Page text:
Hundreds of Katrina victims remain unidentified
NEW ORLEANS, Louisiana (CNN) -- Officials in Louisiana have identified only about 200 of the more than 1,000 people killed in Hurricane Katrina, and less than half of those have been released to their families, the state's top emergency medical official said Monday.
This ratio contrasts sharply with efforts in Mississippi, where almost 200 people have been identified of about 220 who died.
In an interview with CNN, Louisiana's emergency medical response director, Dr. Louis Cataldie, said the state is having a tough time identifying many of the dead. (Watch New Orleans officials say some bodies may never be identified -- 3:16)
"Unfortunately, the condition in which we're finding our individuals essentially eliminates any chance of a visual identification," Cataldie said.
As of Friday morning, there were 1,021 confirmed deaths in Louisiana. Of those, 93 victims have been publicly identified.
Another 121 identities have been determined, but authorities have not been able to reach the families of about 50 victims, he said. Those bodies will remain in the morgue while authorities try to contact their families.
The remaining 70 or so victims will be released soon, and their identities will be issued.
The process of releasing the bodies also has been complicated because many were considered part of "possible crime scenes," Cataldie said. Those include any bodies found in nursing homes and hospitals.
"If a person was left in a nursing home and died in that nursing home," the attorney general may consider it a crime scene, he said.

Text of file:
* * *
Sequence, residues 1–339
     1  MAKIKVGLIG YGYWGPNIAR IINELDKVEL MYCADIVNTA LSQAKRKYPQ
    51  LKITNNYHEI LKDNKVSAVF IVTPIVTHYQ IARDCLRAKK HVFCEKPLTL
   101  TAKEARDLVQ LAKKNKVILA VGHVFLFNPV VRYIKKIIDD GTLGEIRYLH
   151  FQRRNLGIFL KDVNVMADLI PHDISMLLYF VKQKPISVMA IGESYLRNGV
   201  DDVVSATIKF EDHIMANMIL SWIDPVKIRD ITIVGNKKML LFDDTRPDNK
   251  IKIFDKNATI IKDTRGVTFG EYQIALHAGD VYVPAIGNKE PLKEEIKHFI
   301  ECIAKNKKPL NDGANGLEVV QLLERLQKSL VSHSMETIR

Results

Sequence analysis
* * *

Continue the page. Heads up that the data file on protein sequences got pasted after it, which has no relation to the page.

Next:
In those cases, special steps and precautions were taken, slowing down the identification process.
Also, Cataldie said, the computers in the morgue and in a family assistance center "weren't talking to each other," which he called "frustrating."
The family assistance center was set up to help people find missing loved ones. In many cases, those people provide information that can assist in identifying bodies.
In one particular case, Cataldie said, officials could not identify a person who had a pacemaker. But when the computers were back up, they were able to access information about the serial number on the pacemaker, identifying the victim.
On top of it all, Hurricane Rita created additional delays, he said.
Some victims' families have openly criticized the government for taking so long.
Six weeks after Katrina struck, hundreds of families still wait for word on what happened to their loved ones.
"My heart goes out to the folks here locally," Cataldie said.
He said there are 300 individuals awaiting identification at the central morgue in St. Gabriel, "and we have absolutely no identification on them."
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